All adults who were hospitalized at a single tertiary academic medical center in central Massachusetts for acute myocardial infarction between June and November 2018 were screened for eligibility by trained research assistants using International Classification of Disease Tenth Revision codes, problem lists, laboratory results, and electrocardiogram (ECG) findings, as validated in other studies [27]. Patients between 40 and 80 years, fluent and literate in English, meeting clinical indications for cardiac rehabilitation, and with access to an environment or facilities to perform exercise were eligible for inclusion (Figure 1). Patients who preferred to enroll in conventional center-based cardiac rehabilitation, planned to receive follow-up cardiovascular care outside of our hospital system, were unable to participate in follow-up sessions, had subsequent myocardial infarction, had no health insurance, were unable to provide informed consent, were unable to ambulate, were unable to adhere to study protocols, had unstable angina, had serious medical conditions that precluded study participation (for example, cancer), had no symptoms at the time of their presentation for myocardial infarction, underwent cardiac surgery, and were staying in the intensive care unit were excluded. We only targeted patients who chose to forego traditional, center-based cardiac rehabilitation to provide an alternative cardiac rehabilitation delivery modality; if a patient was deemed appropriate for center-based cardiac rehabilitation by their primary medical team, and agreed to enroll, we opted to avoid interfering with their prescribed management. Research assistants approached potential participants who had acute myocardial infarctions (and their care teams) prior to their discharge. Participants provided written informed consent for study participation and received training on study devices and procedures.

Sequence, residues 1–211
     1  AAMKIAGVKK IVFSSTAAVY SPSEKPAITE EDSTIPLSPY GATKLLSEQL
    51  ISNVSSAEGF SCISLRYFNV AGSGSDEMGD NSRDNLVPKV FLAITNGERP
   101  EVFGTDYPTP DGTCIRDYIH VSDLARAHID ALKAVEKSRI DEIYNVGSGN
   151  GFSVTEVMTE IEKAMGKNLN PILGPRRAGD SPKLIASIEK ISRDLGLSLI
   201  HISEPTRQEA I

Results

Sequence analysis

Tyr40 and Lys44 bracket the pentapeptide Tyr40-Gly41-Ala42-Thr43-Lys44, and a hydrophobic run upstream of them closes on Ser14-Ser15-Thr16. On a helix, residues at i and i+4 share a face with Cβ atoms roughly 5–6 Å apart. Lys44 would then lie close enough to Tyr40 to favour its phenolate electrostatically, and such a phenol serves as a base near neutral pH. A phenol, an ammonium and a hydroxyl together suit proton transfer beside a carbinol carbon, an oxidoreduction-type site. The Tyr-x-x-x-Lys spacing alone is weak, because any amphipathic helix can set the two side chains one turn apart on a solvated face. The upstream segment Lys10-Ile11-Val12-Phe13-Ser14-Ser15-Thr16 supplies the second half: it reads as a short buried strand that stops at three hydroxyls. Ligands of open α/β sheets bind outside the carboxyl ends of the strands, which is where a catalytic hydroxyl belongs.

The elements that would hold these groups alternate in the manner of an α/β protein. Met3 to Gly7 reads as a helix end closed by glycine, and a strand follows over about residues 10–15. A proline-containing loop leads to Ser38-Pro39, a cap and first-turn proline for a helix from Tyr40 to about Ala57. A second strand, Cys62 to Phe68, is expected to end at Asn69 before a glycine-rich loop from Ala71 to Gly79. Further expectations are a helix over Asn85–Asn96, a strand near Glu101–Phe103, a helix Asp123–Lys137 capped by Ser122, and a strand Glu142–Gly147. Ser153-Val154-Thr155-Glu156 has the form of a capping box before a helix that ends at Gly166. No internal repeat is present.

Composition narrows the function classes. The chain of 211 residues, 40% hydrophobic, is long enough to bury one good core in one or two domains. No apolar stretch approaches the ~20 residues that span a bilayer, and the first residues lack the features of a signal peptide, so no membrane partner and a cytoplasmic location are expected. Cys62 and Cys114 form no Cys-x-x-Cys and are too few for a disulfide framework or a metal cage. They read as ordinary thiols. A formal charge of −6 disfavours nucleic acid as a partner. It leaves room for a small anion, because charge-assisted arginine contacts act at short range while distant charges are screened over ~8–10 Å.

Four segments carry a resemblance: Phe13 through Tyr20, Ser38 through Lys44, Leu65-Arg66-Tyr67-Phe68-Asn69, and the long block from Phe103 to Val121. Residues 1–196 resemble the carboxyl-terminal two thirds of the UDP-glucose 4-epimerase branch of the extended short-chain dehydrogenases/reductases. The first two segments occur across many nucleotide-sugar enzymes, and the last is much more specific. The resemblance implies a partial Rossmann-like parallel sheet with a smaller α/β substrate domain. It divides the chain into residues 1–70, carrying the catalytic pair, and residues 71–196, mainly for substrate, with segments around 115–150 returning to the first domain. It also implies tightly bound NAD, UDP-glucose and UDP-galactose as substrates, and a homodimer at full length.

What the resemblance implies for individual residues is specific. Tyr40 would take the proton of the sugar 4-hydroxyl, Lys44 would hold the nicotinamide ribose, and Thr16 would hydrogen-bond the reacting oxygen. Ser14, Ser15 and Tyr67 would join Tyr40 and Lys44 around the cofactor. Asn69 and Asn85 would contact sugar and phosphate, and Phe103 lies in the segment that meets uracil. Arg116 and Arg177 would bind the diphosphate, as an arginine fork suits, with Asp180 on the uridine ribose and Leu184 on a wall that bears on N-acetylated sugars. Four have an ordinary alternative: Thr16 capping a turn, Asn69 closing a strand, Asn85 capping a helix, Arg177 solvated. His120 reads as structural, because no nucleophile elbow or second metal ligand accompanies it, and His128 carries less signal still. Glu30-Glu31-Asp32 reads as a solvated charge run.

Figure 1. Recruitment flow diagram. MI: myocardial infarction; ICU: intensive care unit.
View this figure

Study Overview

Each patient obtained a stress test within 4 weeks of screening and enrollment. At an in-person baseline visit, each participant received a watch and tablet, as well as device training. The baseline assessment during their index hospitalization included questions on perceptions of cardiac rehabilitation and disease-specific quality of life. Per standard of care for conventional cardiac rehabilitation, each participant needed to complete a clinically indicated stress test within 4 weeks of hospital discharge to assess safety for exercise and establish target heart rates for rehabilitation activities. A Bruce protocol [28] was followed, and baseline ECG, heart rate, and blood pressure were closely monitored prior to, during, and after exercise. This exercise test is divided into successive stages of increasing intensity, and patients are asked about symptoms throughout. A report is generated upon conclusion of the test and interpreted by medical staff—physician (author DDM) screened all exercise test results for abnormal findings that might place participants at risk from participation in cardiac rehabilitation; participants with concerning results were excluded from the study and referred to follow up with their treating physician. Participants with no abnormal stress test findings attended the in-person training session, during which a trained study staff member provided oral and written instructions for telerehabilitation activities at home.